One of the major criticisms of the G20 is that it continues a tradition of patriarchalism and colonialism towards those states that are poor, powerless, vulnerable, and volatile.  For example, there is only one African country that has a seat among the other G-20 members, i.e., South Africa—despite the fact that there are fifty-four other nations located on the continent!  Since the European Union has a seat at the table, it seems reasonable for the African Union to be one of the governmental entities or—better yet—to expand the agency to 21.

The purpose of the G20 is to assess, augment, ameliorate and advocate for international financial security and stability.  This is a self-appointed group founded in 1999 and allows the major developed countries to consult with each other to develop and underwrite programs, policies, and services to enhance the global economy.  Part and parcel of this organizational mission is to foster fiscal growth and productivity among underdeveloped nations and to discover ways to sustain profitability and solvency so that these countries can increasingly become full-fledged partners in international trade and commerce, including climate control and technological parity.

In addition to the paucity of African representation, the G-20 suffers from the same malady as the United Nations.  They both lack the power and authority to enforce their decisions around the planet—especially because the members in the so-called First World have veto rights.  Hence, the veto is regularly utilized when there is a perceived threat to that particular country’s national security.  These economic and military powerhouses lord their privilege over the more dependent and weaker bodies: thus, making a mockery of the mission goals of stability and security all around.

It is not simply an idealistic dream to give voice to the voiceless or a home to the homeless, so to speak.  By leaving others out because of favoritism towards those with economic and military power cannot ultimately lead to a harmonious world society.  We must listen to all voices, for such diversity provides differing viewpoints and a more holistic approach to ensuring a better environment.  When the most developed countries ignore the perspectives of governments that are not similarly equipped, dissatisfaction and unrest will inevitably arise.  Weapons of mass destruction and affluence should not be the determinative factors in shaping the destiny of the world.  The inclusion of as many perspectives as possible is necessary for a just and sustainable society.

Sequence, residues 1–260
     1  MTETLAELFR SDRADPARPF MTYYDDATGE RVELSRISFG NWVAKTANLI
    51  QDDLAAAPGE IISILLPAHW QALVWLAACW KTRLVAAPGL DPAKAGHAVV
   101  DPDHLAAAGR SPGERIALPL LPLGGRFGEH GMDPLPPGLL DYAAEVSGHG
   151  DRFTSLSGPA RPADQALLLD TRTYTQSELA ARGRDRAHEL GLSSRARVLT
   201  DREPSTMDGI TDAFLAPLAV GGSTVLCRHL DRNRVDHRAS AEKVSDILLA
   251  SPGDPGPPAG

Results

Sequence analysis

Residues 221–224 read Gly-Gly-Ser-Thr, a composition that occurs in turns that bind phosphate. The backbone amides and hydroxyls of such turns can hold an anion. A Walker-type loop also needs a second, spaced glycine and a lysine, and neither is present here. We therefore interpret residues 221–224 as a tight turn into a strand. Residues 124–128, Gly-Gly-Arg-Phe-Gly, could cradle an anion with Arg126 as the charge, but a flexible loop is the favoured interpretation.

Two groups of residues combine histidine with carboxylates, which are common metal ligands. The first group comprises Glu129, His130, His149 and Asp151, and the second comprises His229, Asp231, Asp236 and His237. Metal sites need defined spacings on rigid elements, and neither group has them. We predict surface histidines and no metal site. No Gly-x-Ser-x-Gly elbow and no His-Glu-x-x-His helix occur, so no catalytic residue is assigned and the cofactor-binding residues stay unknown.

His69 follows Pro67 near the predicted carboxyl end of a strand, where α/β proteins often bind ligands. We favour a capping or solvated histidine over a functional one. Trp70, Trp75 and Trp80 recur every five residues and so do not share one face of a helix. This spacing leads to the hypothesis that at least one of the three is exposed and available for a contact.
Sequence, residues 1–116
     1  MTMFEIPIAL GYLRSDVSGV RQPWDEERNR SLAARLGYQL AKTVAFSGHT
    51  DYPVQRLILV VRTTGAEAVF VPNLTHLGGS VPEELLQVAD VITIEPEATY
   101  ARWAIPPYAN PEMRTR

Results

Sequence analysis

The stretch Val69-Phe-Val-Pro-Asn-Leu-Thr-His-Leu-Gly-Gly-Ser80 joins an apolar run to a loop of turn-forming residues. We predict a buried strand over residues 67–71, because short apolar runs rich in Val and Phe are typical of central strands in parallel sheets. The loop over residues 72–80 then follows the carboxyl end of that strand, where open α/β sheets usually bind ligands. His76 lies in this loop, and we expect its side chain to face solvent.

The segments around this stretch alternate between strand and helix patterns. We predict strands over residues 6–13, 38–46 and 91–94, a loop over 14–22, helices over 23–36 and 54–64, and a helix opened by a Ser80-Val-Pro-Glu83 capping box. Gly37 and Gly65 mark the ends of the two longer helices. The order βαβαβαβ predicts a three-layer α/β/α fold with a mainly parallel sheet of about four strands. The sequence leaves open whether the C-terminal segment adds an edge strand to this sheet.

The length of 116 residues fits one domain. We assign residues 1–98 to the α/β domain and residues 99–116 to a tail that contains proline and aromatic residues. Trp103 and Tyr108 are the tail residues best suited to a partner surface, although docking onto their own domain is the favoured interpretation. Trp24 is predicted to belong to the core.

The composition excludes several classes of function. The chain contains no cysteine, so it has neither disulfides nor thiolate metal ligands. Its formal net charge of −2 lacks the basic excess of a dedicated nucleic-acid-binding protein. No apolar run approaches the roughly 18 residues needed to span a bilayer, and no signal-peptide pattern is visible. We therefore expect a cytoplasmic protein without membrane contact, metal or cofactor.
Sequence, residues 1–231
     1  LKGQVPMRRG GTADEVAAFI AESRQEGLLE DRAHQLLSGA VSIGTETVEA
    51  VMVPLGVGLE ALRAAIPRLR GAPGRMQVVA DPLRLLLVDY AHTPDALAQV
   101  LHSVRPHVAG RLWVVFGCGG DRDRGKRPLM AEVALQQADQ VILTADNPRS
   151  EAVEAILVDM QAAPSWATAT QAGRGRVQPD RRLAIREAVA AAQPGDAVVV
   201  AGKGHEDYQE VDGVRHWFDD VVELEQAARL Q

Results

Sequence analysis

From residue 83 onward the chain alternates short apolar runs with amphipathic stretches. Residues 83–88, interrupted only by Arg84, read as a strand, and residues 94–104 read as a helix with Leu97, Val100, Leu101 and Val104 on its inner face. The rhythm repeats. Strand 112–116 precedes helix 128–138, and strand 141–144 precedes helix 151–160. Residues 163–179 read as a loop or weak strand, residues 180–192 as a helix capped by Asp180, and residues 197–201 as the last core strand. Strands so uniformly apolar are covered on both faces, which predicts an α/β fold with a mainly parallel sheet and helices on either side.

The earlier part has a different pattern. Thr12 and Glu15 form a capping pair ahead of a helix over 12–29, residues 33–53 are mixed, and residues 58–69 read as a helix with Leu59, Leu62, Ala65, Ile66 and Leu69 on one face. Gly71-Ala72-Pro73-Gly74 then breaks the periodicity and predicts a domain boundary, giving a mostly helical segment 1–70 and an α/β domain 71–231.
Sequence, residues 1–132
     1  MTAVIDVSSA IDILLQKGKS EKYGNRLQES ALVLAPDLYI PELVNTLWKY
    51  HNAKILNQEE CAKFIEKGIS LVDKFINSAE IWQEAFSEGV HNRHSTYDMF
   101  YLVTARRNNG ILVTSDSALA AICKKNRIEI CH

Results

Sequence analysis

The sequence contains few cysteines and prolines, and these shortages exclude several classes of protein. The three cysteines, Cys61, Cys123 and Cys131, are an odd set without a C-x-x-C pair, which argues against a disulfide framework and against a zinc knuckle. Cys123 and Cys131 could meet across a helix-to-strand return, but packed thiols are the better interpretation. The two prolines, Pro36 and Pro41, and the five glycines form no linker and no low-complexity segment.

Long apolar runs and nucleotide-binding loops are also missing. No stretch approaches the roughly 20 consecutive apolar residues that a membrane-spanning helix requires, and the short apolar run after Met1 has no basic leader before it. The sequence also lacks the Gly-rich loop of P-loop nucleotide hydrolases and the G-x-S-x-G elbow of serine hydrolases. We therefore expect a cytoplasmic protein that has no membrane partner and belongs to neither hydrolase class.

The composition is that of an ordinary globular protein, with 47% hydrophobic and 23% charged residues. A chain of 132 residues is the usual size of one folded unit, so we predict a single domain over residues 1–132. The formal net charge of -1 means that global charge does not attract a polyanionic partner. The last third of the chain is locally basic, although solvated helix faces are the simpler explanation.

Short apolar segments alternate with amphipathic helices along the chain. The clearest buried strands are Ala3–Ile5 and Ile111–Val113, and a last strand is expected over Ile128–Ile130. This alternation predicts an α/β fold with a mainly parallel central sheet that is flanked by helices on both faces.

Jeffrey Sachs, university professor at Columbia University, has been making this case for years.  He has advocated for the African Union to sit at the table—enlarging the organization to have further representation from the continent of Africa like the twenty-seven countries of the European Union.  Sachs has promoted this addition throughout his involvement with departmental committees of the United Nations on sustainable development.  His arguments are clear and irrefutable, but the unwillingness of governments to adopt his recommendations demonstrates how difficult it is for the privileged to relinquish control of their undeserved advantages.  Whereas there is an advisory group to the G20 made up of western and eastern African nations, many countries in the central and southern regions of the continent are not included.  Moreover, in the final analysis, these countries do not have a seat among the members of the main body of the G20.  This omission is unconscionable.

This exclusion of African countries harks back to the long night of colonialism.  As African countries started to win their independence in the middle of the twentieth century, many former European colonizers abandoned them.  Malcolm X started the Organization of Afro-American Unity to join up with and support the Organization of African Unity—for the legacy of oppression among the African diaspora was common, universal.  Malcolm wanted the OAU to assist him in bringing the concerns of African Americans to the United Nations Commission on Human Rights.  The OAU received pressure from the U.S. State Department not to bring the issue of white racism to the U.N.  And so it went.  Malcolm X would not live another full year.The G20 and the United Nations could have greater influence if basic humanity as opposed to wealth and might would rule the day.  With that inclusivity and the further acceptance of other remaining voiceless countries in Central and South America and in Asia, we would come closer as a world community that could experience both prosperity and peace.  Will the twenty-first century get us there?

About mdbwell

Pres., Project for the Beloved Community, Inc.; B.A.--Wesleyan University; M.Div.--Yale University; Ph.D.--Boston University; Summer Study--Harvard University; Social ethicist; Ordained minister; Advocate for the poor
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